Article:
Almost all the gear generally performed very, very well indeed but there are a few things that deserve special mention.
The Icebreaker merino wool t-shirts really did resist the smell well. I essentially only wore one and rinsed it out every couple of days or three. Also, despite being worn every one of the sixteen days we were away and for around ten days of wild camping before that, it shows no sign of “pilling” or wear of any kind. The second one I reserved for evenings, whilst the first was drying, and for the flight home. Meaning that for the first time ever I wasn’t unpleasant to sit next to on a return journey.
The Sealskins worked very well to keep my feet dry and were even comfy enough to justify wearing the morning following a wet day when the shoes were still wet.
The hair-bands around the Superfeet as Hut Sandals trick worked well. Just had to beware of tripping over the toe of the insoles if you dragged your feet. Something I’ll be using again.
The Vapor Trail pack was extremely comfy. Even with 14 kilos (my kit, LB’s kit, camera kit, several lunches + our water). The pocket formed between the pack and the foam back stiffener is useful for jamming a map into but the guidebook was too heavy to remain at the top and slid down inside each time meaning a sort of All Creatures Great And Small moment as someone reached inside it up to their elbow (“I can feel the head Mr Herriot!”).
Chris turned up with a 20 litre, 5 kilo base weight pack that worked out well with careful packing. And a waist-bag for some food-related over-spill. It was comfier than I expected when I tried it on but I’d still rather have more weight off my shoulders and onto my hips.
The second phone battery was required and only just got us through. I’d be inclined to take a third next time. Sharing the headphones with an ear plug in our “spare” ears was a little fiddly but worked out fine. Overall the weight saving on books for LB and I was quite large when compared to the extra battery and headphones and was well worth the effort of recording the CDs to the phone as MP3s.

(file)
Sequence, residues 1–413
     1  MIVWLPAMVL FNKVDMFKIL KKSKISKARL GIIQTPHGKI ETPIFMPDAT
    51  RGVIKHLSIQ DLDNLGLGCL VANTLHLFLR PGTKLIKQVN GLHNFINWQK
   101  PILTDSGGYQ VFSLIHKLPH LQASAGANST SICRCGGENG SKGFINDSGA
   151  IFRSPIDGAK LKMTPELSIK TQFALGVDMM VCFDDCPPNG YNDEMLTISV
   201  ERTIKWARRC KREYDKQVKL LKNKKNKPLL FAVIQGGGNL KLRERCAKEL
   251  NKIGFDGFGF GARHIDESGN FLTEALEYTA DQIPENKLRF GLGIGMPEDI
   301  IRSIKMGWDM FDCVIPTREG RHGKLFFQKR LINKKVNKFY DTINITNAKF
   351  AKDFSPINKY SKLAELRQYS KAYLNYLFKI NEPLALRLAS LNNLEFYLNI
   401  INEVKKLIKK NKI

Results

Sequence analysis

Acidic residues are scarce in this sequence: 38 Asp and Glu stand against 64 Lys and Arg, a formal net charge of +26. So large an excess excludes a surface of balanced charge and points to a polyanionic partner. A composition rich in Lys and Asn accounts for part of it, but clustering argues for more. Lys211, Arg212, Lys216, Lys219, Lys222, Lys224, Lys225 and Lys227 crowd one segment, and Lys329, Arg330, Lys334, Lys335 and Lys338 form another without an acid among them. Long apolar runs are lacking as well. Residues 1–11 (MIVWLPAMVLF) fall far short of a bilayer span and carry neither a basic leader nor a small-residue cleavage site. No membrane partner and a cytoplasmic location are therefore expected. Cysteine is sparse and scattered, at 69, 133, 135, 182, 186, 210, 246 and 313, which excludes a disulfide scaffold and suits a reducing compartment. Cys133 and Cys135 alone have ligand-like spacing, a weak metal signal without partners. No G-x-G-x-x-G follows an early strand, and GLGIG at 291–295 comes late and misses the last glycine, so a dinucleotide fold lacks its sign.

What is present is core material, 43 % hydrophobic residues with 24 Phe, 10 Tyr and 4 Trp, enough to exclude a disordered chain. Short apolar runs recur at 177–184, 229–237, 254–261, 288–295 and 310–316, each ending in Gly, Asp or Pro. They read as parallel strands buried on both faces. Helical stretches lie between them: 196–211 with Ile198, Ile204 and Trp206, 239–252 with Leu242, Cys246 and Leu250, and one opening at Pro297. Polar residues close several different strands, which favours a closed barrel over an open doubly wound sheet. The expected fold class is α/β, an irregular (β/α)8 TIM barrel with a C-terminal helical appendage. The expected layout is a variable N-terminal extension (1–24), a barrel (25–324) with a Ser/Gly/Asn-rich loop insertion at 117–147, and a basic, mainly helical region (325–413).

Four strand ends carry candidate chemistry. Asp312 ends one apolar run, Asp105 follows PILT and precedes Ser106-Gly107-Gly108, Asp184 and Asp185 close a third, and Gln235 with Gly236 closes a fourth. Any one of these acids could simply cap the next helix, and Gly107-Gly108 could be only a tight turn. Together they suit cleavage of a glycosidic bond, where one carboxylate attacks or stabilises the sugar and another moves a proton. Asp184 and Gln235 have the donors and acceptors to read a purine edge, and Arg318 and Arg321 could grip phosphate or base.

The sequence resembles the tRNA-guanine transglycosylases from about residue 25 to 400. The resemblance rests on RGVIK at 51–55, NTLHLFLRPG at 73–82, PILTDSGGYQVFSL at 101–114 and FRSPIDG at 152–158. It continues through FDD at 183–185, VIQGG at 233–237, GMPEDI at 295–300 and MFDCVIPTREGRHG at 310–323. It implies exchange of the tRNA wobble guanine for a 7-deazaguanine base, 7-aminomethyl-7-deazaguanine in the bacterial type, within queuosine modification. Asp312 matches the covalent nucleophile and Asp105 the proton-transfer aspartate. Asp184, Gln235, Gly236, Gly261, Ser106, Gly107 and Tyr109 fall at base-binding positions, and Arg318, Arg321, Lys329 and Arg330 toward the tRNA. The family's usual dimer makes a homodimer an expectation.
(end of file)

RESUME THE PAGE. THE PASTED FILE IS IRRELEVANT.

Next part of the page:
We used up 1.75 tubes of Care Plus alcohol based sunblock between the two of us (head, neck and arms + my lower legs). I reckon we needed it on about ten days, with double applications on three of those days. But note that I’m careful with it, preferring to get an even covering by putting on lots of small dots and spreading. Rather than squirting out one huge handful and trying to bulldoze that around, which I find means too much in one place and too little in others.
LB’s jumbo SealSkinz sock worked perfectly to protect the cast from getting wet but now we have a pair of size 12-14UK (~46-49 EU) socks that we’re not sure what to do with!
The SportEyz sunglasses that Lighthiker found were great and took being bashed about inside a mini Integral designs stuffsac clipped to the side of the pack without any damage or scratches (even when the pack was put down on top of them!). LB and Rachel both now plan to get some.
The silk boxer shorts worked fine in the end. No problems from the seams that had concerned me.
If I had to pick one bit of gear that really stood out, it would be the Tilley Hat. It kept me cool in the baking sun and kept the rain off my head when it rained (with some trickles from the mesh in the top!). Allowing me to see the mountains without squinting at sun or rain drops. It also kept me warm enough that I could avoid putting on the Gecko microfleece (which was also excellent) as we set off in the shadow of the mountain on several mornings. Meaning less faffing. On a really hot day it was a fantastic feeling to dip the hat in a glacial river and feel the drips running down all over your head.
Overall it provided a huge degree of temperature range comfort that I’d not really expected. LB found just the same. In fact a couple of the others with cheaper wide brimmed hats are now thinking of getting a Tilley. One niggly thing was that the size I’ve gone for is very slightly too small. I’ve written my name in it now so I’m stuck with it unless I fork out for another…